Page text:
Magness Lake, in Heber Springs, is a magnet for swans
Two retired female circus elephants have arrived at the Little Rock Zoo to keep Ellen company. Full information is on the jump. Jewell is 60. Zina, the one with the hairy legs, is 50. Both are Asian elephants.
The elephants came from the Ringling Center for Elephant Conservation and arrived here early this morning following a 20-hour tractor-trailer ride from Sarasota, Fla. They seemed comfortable in their new home when we visited — trumpeting and harrumphing occasionally as they ambled about, picked at fodder and rolled in the dirt.
Ellen, in another part of the enclosure, looked warily at her new companions in their first meeting, but showed no sign of distress. She eventually trundled off to be on her own.
The zoo says this is hoped to be the beginning of a continuing relationship with Ringling to use Little Rock as a home for aging retired show animals.
The arrival won't end complaints of animal rights groups that elephants shouldn't be housed in zoos, but it does end the part of the argument that it was cruel keep an elephant, a social animal, alone for an extended period. Protests began after Ellen's long-time companion, Mary, died recently.
Tad Bohannon, a member of the Zoo Board of Governors, was among those on-hand for the arrival this morning and he captured the photo of Ellen (right) checking out her new companions.
Zoo Announces Arrival of Two Asian Elephants
LITTLE ROCK (June 8, 2011) — The Greatest Show On Earth® has given a great gift to the Little Rock Zoo with the donation of two Asian Elephants, Jewell and Zina, who arrived at the Zoo early this morning.
The two elephants, Jewell, 60, and Zina, 50, are retired performers from Ringling Bros. & Barnum and Bailey® circus and have been living at the Ringling Bros. and Barnum & Bailey Center for Elephant Conservation® since their retirement and are in good health. The elephants were selected by Ringling Bros.® to be companions to Ellen, an elephant living at the Little Rock Zoo since 1954. Ellen’s companion, Mary, also a former Ringling Bros. elephant, died from complications of cancer last month.
Jewell has been with Ringling Bros. since 1954, and Zina joined Ringling Bros. having come from England in 1972. Both elephants were presented on the Ringling Bros. Blue Unit until Zina’s retirement in 2003 and Jewell’s in 2006.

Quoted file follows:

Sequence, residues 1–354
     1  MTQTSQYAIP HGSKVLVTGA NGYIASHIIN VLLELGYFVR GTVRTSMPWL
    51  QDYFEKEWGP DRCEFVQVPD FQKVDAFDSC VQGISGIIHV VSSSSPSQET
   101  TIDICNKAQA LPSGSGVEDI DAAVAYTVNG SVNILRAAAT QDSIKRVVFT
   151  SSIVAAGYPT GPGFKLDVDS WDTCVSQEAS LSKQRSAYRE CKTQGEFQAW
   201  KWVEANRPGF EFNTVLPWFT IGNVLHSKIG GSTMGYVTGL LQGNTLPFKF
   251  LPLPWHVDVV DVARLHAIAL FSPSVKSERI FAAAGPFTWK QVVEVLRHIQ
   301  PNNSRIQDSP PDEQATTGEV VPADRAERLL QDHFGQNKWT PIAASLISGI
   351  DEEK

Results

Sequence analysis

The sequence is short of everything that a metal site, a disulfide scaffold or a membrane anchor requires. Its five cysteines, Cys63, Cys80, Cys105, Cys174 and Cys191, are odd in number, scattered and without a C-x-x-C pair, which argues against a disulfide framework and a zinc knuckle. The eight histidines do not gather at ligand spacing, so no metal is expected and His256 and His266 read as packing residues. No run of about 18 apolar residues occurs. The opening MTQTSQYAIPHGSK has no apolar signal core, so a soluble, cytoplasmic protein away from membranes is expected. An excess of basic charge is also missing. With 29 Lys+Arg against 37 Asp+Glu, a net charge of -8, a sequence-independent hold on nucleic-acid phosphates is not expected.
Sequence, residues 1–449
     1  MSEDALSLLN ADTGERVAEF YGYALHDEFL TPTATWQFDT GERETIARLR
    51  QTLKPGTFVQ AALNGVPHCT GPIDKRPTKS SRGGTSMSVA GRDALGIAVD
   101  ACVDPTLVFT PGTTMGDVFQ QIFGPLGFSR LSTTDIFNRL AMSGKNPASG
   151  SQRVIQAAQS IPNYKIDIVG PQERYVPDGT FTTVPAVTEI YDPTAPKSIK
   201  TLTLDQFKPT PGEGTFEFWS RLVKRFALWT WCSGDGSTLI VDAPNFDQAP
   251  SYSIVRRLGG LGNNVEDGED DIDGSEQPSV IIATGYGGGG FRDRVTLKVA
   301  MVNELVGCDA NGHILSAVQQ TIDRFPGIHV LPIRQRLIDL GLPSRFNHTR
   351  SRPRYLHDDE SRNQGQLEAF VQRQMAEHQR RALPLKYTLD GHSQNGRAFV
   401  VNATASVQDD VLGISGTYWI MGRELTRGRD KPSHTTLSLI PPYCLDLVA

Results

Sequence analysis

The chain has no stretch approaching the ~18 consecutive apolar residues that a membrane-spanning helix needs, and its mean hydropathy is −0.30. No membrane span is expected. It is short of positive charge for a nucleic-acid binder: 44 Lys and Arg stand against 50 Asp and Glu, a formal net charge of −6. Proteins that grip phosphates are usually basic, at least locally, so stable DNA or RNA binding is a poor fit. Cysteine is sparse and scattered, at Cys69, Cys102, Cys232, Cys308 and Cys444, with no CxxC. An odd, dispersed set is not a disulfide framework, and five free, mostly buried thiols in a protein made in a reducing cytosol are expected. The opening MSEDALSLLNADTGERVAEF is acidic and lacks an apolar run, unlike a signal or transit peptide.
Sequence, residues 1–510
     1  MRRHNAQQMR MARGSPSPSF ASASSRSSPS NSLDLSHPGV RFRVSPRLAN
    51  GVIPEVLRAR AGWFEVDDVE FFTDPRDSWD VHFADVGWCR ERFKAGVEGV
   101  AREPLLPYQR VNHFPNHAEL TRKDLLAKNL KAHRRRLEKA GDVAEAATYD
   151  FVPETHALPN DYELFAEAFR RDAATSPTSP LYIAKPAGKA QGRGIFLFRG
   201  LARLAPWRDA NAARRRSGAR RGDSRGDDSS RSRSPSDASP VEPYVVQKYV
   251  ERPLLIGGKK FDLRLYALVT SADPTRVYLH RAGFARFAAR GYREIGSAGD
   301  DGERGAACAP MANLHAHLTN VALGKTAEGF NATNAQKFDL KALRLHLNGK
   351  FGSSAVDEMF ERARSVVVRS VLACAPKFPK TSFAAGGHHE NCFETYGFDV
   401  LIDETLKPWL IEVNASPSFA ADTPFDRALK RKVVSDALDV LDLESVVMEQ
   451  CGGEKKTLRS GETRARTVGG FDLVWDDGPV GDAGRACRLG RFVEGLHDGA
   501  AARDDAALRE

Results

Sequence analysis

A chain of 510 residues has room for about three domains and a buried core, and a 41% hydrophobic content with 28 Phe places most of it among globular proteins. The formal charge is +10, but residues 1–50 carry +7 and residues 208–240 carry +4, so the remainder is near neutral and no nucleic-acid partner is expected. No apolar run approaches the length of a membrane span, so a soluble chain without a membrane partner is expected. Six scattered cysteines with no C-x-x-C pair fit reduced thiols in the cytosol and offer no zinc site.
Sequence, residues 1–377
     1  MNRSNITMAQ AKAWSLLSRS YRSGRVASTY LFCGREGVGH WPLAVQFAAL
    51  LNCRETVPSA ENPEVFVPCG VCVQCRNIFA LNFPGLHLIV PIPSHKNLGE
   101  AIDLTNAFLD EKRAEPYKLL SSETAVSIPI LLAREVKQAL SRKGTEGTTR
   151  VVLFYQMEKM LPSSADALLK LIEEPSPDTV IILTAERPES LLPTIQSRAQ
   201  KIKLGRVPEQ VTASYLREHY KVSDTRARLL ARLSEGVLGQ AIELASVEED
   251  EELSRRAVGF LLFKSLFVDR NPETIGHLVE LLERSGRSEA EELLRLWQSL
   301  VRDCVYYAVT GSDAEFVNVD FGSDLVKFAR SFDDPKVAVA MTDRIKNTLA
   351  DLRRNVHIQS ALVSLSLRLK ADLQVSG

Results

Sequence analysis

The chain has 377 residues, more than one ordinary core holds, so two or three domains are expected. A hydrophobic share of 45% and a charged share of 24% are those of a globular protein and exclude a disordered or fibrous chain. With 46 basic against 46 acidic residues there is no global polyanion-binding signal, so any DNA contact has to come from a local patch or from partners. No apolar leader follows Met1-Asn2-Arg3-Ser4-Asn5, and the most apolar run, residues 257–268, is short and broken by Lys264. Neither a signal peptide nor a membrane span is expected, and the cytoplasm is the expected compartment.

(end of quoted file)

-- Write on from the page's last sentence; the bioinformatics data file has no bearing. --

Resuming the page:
Zoo director Mike Blakely expressed his sincerest appreciation for the donation saying “The gift of Zina and Jewell to the Little Rock Zoo shows the strong commitment that Ringling Bros. and the Zoo have to elephants and their well-being. Ringling Bros. is a leader in the conservation and care of elephants and understands that elephants are social animals that need companionship. Ringling Bros. also understands the mission of the Zoo to provide engaging educational experiences that influence the public to conserve our natural world.” Blakely also noted that donations from private individuals will help off-set any additional cost associated with the acquisition of the two additional elephants.
Ringling Bros. Center for Elephant Conservation founder Kenneth Feld, expressed the significance of the donation saying “The Little Rock Zoo continues to demonstrate the knowledge and expertise that is required by Ringling Bros. and Barnum & Bailey to partner in its Asian elephant companion program. The staff at Ringling Bros. Center for Elephant Conservation trusts that the staff at the Zoo will care for these majestic elephants and provide the much needed conservation education to help save the endangered Asian elephant species.”
Jewell and Zina will not be on full public display until they have fully acclimated to their new surroundings. Staff from Ringling Bros. will be on-hand to help Zoo staff acclimate the elephants and introduce them to their new friend, Ellen.
The Little Rock Zoo is accredited by the Association of Zoos and Aquariums (AZA). Look for the AZA logo whenever you visit a zoo or aquarium as your assurance that you are supporting a facility dedicated to providing excellent care for animals, a great experience for you and a better future for all living things. With its more than 200 accredited members, AZA is a leader in global wildlife conservation and your link to helping animals in their native habitats. For more information, visit www.aza.org.
About the Ringling Bros. Center for Elephant Conservation: Ringling Bros. and Barnum & Bailey Center for Elephant Conservation was established to ensure that future generations have the opportunity to experience the endangered Asian elephant species. Built in 1995, this 200-acre, state-of-the-art facility was designed for the reproduction, research and retirement of the Asian elephant, enabling Ringling Bros. to share its elephant husbandry knowledge with the veterinary and conservation communities worldwide. For more information about the Ringling Bros. Center for Elephant Conservation visit www.elephantcenter.com.
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